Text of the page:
"Time Out” or Punishment at School--"Support Rooms"
Reported by: Jane Flasch
Last Update: 4/02 9:04 pm
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Program Standards for Behavioral Interventions (35.3KB)
Wayne-Finger Lakes BOCES Statement (8.6KB)
Slideshow (Wayne Co., N.Y.) - Ken Hall was so upset about the “time out” room used at his son's school that he grabbed his video camera.
A “support room” is maintained at Finger Lakes Elementary School. Children who attend the BOCES program have emotional and other behavioral issues. When they act out in certain ways they are sent to a support room
Ken Hall thought the rooms were classrooms. Yet as his video shows, the rooms are quite small.
"When I took that video all I could do was stand and turn around,” Hall said.
Ken's son is a 9-year old second grader who has spent up to four hours in one of the little rooms.
"I was shocked,” said the boy’s uncle, Dan Hall. “It's just a concrete room and as small as it is, I can't describe it as anything but a closet."
The rooms are sanctioned by the state education department, but are carefully regulated. Many districts use them to provide a safe place when a child's behavior becomes a danger to himself or others.
Wayne Finger Lakes BOCES administers the program. A spokesman says the support room policies are in accordance with New York State regulations. However, he would not consent to an interview on camera, nor would he answer questions over the phone.
The state does not say how big the room has to be…only that it must be large enough for the child to lie down, and be constructed of materials designed to prevent injury.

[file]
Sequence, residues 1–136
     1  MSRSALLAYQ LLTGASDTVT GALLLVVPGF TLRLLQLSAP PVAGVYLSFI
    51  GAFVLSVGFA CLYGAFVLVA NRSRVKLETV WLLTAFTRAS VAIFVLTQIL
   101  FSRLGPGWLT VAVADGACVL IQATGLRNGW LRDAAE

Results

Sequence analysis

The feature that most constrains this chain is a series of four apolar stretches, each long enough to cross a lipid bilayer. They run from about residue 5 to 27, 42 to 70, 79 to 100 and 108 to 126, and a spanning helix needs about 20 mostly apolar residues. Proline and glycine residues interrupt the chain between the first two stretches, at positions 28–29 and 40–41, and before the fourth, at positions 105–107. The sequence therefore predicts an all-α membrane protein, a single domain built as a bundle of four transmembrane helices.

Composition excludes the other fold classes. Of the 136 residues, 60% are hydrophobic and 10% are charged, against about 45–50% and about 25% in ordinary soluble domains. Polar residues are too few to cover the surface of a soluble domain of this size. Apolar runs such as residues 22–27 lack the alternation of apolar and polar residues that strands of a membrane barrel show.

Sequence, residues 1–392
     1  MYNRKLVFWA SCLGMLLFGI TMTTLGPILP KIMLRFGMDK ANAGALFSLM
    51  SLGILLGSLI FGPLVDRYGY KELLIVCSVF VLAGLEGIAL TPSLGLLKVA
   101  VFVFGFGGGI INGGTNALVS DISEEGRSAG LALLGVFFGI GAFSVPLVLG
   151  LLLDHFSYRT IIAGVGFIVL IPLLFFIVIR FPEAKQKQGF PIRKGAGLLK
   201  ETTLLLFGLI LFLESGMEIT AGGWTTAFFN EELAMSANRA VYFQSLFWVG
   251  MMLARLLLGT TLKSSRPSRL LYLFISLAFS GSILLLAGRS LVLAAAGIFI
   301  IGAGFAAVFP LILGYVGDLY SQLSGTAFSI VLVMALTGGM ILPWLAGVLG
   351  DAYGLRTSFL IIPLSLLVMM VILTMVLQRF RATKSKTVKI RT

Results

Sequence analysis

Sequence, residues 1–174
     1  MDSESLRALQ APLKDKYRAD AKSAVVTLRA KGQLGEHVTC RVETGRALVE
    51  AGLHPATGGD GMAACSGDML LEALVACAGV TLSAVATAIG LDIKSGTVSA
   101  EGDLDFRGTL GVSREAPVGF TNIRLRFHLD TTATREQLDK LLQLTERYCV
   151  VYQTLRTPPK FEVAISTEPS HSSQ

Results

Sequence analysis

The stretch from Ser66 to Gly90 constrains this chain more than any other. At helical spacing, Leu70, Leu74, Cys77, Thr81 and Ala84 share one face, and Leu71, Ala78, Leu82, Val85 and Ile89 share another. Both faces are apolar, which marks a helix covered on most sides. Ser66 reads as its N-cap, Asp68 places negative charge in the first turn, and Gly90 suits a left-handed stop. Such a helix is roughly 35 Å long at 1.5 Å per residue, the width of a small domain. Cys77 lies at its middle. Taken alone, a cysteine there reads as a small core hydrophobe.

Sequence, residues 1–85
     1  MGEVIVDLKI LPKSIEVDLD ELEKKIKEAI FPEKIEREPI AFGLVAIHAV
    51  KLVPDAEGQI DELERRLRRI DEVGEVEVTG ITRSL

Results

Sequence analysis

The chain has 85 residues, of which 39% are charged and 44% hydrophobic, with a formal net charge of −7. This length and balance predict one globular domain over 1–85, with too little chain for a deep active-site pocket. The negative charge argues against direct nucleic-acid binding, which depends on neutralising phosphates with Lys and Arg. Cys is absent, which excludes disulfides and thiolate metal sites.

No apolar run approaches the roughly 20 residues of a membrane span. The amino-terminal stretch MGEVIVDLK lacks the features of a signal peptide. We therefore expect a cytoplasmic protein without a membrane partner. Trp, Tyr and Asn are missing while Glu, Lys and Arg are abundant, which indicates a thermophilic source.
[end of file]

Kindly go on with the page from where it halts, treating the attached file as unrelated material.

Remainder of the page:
At Wayne Finger Lakes BOCES, the support rooms have concrete walls and wooden benches.
"What if a child begins to engage in head-banging behavior? That can be a problem," said Dr. Santo Bentivegna, a clinical psychologist.
Bentivegna has administered programs for people in state facilities who have extreme emotional problems, and he’s familiar with state regulations.
He agreed to watch Ken Hall’s video, including the part where Ken's son crawls under the bench.
“The child is cowering,” Bentivegna said. “The only place he can cower in this room is the little space beneath the shelf seat."
When intervention rooms are used, New York requires that the student be placed there for a limited time only, and be constantly monitored. The state also mandates that the room can not be used for punishment, and that the parents must be notified.
The clinical reports for Ken Hall's son raise some questions about those rules.
Angry and even violent behavior triggers Hall’s son being moved to the support room.
On January 9, the boy spent 15 minutes there, at which time the school day ended and he was sent home. When he returned the next day, he was put right back into the room. (The report records the action being carried over from the day before.)
Dr. Bentivegna said, "The notion that you have not served enough time and you have to come back and finish your time the next day…that is totally against behavior modification theory. That is against the practice of time out. That is punishment."
Replacing the child in the support room the next morning sparked a series of new outbursts. The child spent three hours and ten minutes in the little room that day.
"If I did that to my son at home, I'd go to jail,” Hall said.
State law requires parents to be notified, and give their consent, but Hall said he only recently learned of the size of these rooms.
Now he wants his child out of the program, but because of the child’s joint custody, a law guardian was appointed.
Yates County Family Court has evaluated the program and is directing Hall's son to continue to attendance.
Does the program violate state guidelines? Tom Dunn of the education department would not answer the questions raised by our investigation. He said the parent should file a formal complaint which launches a mandatory investigation.
Wayne-Finger Lakes BOCES declined to provide any information unless 13WHAM News first submits questions in writing.
They also declined to engage in a phone dialog about these issues.
BBQ..June 27th..be there or be square..
Bring something for The House of Concern please!